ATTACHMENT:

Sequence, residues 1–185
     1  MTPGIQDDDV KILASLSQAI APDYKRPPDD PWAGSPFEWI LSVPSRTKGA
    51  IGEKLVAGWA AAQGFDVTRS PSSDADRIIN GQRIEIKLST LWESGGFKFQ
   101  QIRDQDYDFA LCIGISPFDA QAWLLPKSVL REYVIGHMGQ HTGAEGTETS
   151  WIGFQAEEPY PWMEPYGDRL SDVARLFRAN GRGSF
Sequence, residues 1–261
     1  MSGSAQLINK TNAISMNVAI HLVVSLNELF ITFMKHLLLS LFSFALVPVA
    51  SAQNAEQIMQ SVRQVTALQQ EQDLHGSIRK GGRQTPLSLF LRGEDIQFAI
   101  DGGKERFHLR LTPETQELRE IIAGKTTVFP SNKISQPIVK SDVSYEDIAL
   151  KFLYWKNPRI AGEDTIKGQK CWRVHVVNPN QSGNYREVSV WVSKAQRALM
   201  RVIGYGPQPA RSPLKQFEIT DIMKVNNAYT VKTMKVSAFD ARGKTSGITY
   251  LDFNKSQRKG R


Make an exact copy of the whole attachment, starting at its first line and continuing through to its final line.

Sequence, residues 1–185
     1  MTPGIQDDDV KILASLSQAI APDYKRPPDD PWAGSPFEWI LSVPSRTKGA
    51  IGEKLVAGWA AAQGFDVTRS PSSDADRIIN GQRIEIKLST LWESGGFKFQ
   101  QIRDQDYDFA LCIGISPFDA QAWLLPKSVL REYVIGHMGQ HTGAEGTETS
   151  WIGFQAEEPY PWMEPYGDRL SDVARLFRAN GRGSF
Sequence, residues 1–261
     1  MSGSAQLINK TNAISMNVAI HLVVSLNELF ITFMKHLLLS LFSFALVPVA
    51  SAQNAEQIMQ SVRQVTALQQ EQDLHGSIRK GGRQTPLSLF LRGEDIQFAI
   101  DGGKERFHLR LTPETQELRE IIAGKTTVFP SNKISQPIVK SDVSYEDIAL
   151  KFLYWKNPRI AGEDTIKGQK CWRVHVVNPN QSGNYREVSV WVSKAQRALM
   201  RVIGYGPQPA RSPLKQFEIT DIMKVNNAYT VKTMKVSAFD ARGKTSGITY
   251  LDFNKSQRKG R